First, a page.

More Troubles and a Conclusion We all know that false brethren can beguile our sensibilities and gain access and in time find a platform for their doctrines. But what should be the churchâ€™s response? Here in the fifteenth chapter of Acts we have an example of what should be done and how it should be handled.
The first letter Paul wrote to the Corinthian church is divisible into two distinct parts. In the first, the apostle addresses some divisive issues which were having an effect on unity there. He also addressed particular questions that were put forth in some way to him for his judgment. In the second part of the letter (beginning in chapter 11 and verse 2) he addresses the purpose of worship, the demeanor Christians should maintain during the assemblies on the Lords Day, and the uses of spiritual gifts during the same.
This letter is a sort of rule book for behavior both public and private as concerns Christians, first in their general dealings and dealings one with another, and then in their demeanor in relation to the assemblies and the requisite behaviors when they are gathered together for worship before God. Though it begins as most of the apostles letters with a greeting to the general assembly itself and then to the saints as individuals (v. 2), after the cordialities and introductions he immediately indicates that some difficulties have been related to him concerning contentions among the members (1:11). The first of these concerns a sort of pride in entry contest as to who baptized who, or who taught who. This entreaty continues through chapter 4 and verse 21 where he begins to deal with a second contention. The importance of the Christians having the proper attitude in this is perhaps lost on us. The point is that there is no pedigree before God, only obedience matters, and pride and boasting for position have no part in that. The destructiveness that results from these attitudes can (and has unfortunately) destroyed the body of Christ in many places.
Apparently some Christians there were seeking to gain recognition or status based upon who they had been taught or baptized by. The indication is that these were breaking the church up into factions based upon who had a hand in whose conversion, making a hierarchy of saints based upon the name of the apostle or preacher (in this case). Can you imagine what would have been the status some would have sought if the Lord himself had ever baptized? Why there surely would have been some that would have claimed premium position or greater knowledge, that they should be revered because they had been baptized at the very hand of the Lord himself. I believe that is exactly why the Lord never baptized and why Paul, at least in the case of these Corinthians, stated that he in the greater part did likewise.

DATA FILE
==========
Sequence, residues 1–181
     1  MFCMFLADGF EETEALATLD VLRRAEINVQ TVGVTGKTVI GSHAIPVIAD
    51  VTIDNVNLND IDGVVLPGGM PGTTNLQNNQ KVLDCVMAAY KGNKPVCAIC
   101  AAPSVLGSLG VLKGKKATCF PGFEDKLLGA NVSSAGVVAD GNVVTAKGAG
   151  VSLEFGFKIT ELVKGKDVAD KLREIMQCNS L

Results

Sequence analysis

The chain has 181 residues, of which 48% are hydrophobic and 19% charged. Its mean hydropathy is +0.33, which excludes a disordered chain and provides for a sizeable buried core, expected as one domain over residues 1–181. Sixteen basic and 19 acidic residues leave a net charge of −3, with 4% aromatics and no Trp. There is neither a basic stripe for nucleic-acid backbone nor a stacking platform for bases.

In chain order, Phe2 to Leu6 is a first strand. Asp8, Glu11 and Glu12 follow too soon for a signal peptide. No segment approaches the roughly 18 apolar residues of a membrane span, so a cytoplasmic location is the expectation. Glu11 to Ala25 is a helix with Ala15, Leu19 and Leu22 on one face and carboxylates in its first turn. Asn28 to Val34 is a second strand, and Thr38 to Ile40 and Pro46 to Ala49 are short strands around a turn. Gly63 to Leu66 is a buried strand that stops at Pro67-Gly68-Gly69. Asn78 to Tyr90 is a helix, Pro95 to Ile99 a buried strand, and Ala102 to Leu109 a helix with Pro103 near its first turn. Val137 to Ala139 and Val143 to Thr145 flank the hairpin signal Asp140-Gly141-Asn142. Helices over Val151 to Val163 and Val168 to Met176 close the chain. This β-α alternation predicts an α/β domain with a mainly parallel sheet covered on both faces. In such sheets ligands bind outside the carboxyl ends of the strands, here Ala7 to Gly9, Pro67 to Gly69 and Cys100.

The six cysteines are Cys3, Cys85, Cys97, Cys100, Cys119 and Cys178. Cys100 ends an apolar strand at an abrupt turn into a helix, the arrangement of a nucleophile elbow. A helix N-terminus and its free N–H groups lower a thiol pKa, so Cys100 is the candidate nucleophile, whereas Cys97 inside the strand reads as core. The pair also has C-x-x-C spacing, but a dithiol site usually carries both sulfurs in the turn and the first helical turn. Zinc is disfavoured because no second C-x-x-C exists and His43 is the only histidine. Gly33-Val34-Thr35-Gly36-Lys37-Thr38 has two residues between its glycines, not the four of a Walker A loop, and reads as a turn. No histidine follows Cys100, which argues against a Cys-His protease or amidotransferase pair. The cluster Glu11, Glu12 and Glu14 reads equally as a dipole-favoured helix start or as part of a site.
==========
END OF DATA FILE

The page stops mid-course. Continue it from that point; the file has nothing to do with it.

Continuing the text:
Paul decries this attitude of their seeking preeminence or status over one another by noting “that your faith should not stand in the wisdom of men, but in the power of God” (2:5). And in the next instance the apostle condemns this jealousy which is destructive to the cause of Christ by observing: “What then is Apollos? And what is Paul? Ministers through whom you believed: and each as the Lord gave to him. I planted, Apollos watered; but God gave the increase. So then neither is he that planted anything, neither he that watered; but God gives the increase (3:5-6).” The glory should always be to God. “Ã¢â‚¬Â¦each mans work shall be made manifest, for the day shall declare it, because it is revealed in fire; and the fire itself shall prove each mans work of what sort it is (3:13).”
Many know and can quote verse 16 of chapter 3: “Dont you know you are the temple of God and that the Spirit of God dwells in you?” This verse has been used in all sorts of arguments respecting personal purity, and primarily when addressing personal physical purity through diet or other considerations as a course for spiritual purity (that notion is also addressed, but elsewhere). However, that is not at all what is being addressed. You see few take this in its context with that of the next verse (17): “If any man destroys the Temple of God , God shall destroy him; for the Temple of God is holy and such are you.” This is not addressed on an individual level, for the danger mentioned through the workings of strife within the body is in its full sense to the assembly as a whole. The church there was in danger if they allowed the jealousies and strivings to continue. Therefore, I take this to mean that the collective body of Christ, that the church in any location – that those Christians, are to view themselves as they are the Holy Temple of God. Then anyone who in any way seeks or attempts to overthrow that, to make position for themselves by cabal or through deceit, those who would assume that which they have no right to assume, those who would by their deeds seek to destroy or trouble, or those who may end up disassembling, of causing a schism or a split in the Temple of God: that God will destroy them. It is not addressing what we eat or intake, although having some merit in some way, but to stretch it to that end is to rather blatantly miss the point. It is a warning against those who would overthrow or split the church of God to serve their own purpose.